Thanks for asking! I work for International Mountain Guides, where I lead climbing, trekking, and mountaineering expeditions around the world. Right now, I’m still recovering from my most recent trip: for the last two weeks of July, I was lucky enough to lead a team of six climbers on a mountaineering expedition in rural western Mongolia. Our objective was Mount Khuiten, which — at 14,350' — is the tallest mountain in the country. It's a gorgeous, rural peak, and it's less than three miles from the border tri-point between Mongolia, Russia, and China. So cool! 

It was a fabulous trip. We had a blast exploring Ulan Bataar, then caught a small plane to the western province of Olgi, where we loaded into 4x4 vans and overlanded for 7 hours to get to the trailhead. From there, we trekked to base camp while camels carried our gear. Camels! (I named mine Excamelbur.)


From base camp, the climb went perfectly: the team was strong and optimistic, we were able to thread the needle on a slightly tricky weather window, and the conditions couldn't have been better. I'm so proud of our team, and couldn't be more grateful for our Mongolian friends.

When I reflect on the trip, I think about the ocean-colored skies. I remember the alpine starts, when the agony of prying yourself out of a warm sleeping bag is worth the joy of watching the dawn. And I think about a nomadic Mongolian woman who shared her family’s homemade cheese, explaining each step of the process that moved milk into curds. I left her with one of my Oiselle layers, not knowing how to explain that even though it was dirty from my two weeks of climbing it was one of the only things I had on my back that felt connected, conceived, and stitched together in a process I could explain and understand. She smiled shyly, trying on the long-sleeved shirt and checking her reflection in a 3”-square mirror.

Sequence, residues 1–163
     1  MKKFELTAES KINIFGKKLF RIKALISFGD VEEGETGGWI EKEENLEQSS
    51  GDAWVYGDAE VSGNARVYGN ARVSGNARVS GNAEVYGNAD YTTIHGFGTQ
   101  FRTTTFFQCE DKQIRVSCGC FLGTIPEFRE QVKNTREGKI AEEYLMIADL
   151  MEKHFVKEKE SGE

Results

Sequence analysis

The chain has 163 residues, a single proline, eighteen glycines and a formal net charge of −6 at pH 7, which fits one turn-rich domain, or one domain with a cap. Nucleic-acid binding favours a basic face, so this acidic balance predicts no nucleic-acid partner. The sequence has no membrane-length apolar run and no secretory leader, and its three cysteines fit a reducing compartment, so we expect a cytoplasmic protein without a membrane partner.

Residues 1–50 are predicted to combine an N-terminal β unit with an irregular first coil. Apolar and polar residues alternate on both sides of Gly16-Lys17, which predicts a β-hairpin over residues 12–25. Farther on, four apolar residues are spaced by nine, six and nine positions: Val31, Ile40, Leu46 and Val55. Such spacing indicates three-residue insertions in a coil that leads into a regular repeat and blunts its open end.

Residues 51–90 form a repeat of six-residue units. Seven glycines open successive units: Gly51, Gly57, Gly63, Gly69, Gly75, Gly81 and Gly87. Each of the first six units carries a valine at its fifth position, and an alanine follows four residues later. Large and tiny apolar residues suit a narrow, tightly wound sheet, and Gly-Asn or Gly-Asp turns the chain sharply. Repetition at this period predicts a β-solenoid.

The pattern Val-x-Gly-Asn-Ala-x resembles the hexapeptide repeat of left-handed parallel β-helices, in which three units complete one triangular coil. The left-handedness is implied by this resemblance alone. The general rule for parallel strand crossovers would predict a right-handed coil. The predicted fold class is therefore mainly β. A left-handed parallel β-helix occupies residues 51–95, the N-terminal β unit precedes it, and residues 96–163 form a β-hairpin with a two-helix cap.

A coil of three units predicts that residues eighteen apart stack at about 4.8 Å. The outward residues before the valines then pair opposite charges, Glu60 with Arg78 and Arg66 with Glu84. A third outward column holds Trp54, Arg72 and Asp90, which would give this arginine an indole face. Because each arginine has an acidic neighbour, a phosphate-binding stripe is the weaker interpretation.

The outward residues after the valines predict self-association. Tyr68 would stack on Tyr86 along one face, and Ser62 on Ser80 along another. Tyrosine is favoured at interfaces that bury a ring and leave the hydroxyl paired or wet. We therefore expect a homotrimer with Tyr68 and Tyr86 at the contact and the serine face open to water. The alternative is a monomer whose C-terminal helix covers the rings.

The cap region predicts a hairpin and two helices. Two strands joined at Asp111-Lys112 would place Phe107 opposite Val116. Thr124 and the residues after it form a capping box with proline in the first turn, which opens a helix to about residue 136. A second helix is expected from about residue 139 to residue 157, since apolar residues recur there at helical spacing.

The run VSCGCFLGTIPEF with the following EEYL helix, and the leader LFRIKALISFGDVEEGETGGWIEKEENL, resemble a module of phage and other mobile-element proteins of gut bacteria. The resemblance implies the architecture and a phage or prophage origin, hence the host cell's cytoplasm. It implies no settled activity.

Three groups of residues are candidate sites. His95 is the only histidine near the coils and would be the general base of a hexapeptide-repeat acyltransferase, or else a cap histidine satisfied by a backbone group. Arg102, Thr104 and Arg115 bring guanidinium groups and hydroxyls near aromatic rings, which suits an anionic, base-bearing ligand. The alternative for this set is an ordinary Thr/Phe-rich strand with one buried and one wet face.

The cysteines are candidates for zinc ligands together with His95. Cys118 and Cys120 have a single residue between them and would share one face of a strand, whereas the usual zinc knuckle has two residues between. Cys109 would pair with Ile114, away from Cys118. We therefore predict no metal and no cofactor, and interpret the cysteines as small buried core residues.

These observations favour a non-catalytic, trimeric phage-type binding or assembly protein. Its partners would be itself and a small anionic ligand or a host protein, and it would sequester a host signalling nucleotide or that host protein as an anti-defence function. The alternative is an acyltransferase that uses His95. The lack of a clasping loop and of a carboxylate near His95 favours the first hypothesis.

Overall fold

As we left, I tried to explain through our interpreter that I’ll be back next year. The way she hugged me made me feel free. 

My favorite Oiselle gear for climbing expeditions:

  • Vim Jacket. Alpine climbing is all about mastering the art of layering — you’re working hard, the temperatures are constantly changing as you get higher and the weather changes, you’re trying to keep all of your extremities warm while not sweating through your base layers. The Vim Jacket is lightweight, easy to throw in a backpack (or even just a pocket), and it’s the perfect way to cut the wind. I recommend it to everybody.
  • Spring Wazzie Wool Racerback Tank. When I’m on a long expedition, I often wear a lightweight tank top underneath all of my other layers. It wicks away sweat, it keeps me modest if I’m changing layers in mixed company, and — when it’s a wool baselayer — it never smells funky. I’ve worn all different brands of wool, and Oiselle’s is the absolute softest, most durable, and least prone to shrinkage when I accidentally stick it in the dryer. 
  • Bae Bra. Imma be real: when I’m guiding a big mountain, I don’t want to think about my breasts. I want to pull on a sports bra when I’m getting dressed in the morning, add whatever layers I need to stay comfortable, and focus on the task at hand. I love the Bae Bra’s straps, because they never, ever fall off my shoulders. The band is nice and thick, so it never digs in. And Big Blue — so damn fun. 

Next up: I’m heading to Peru in early September to lead a Machu Pichu trek, and then I’ll spend the fall at home in Seattle. I plan to snuggle with Huckleberry, eat lots of vegetables, and run around Greenlake in my Oiselle gear many, many times. 

Until next time,



Primary Subcategory

Team - Haute Volée
Allyson Ely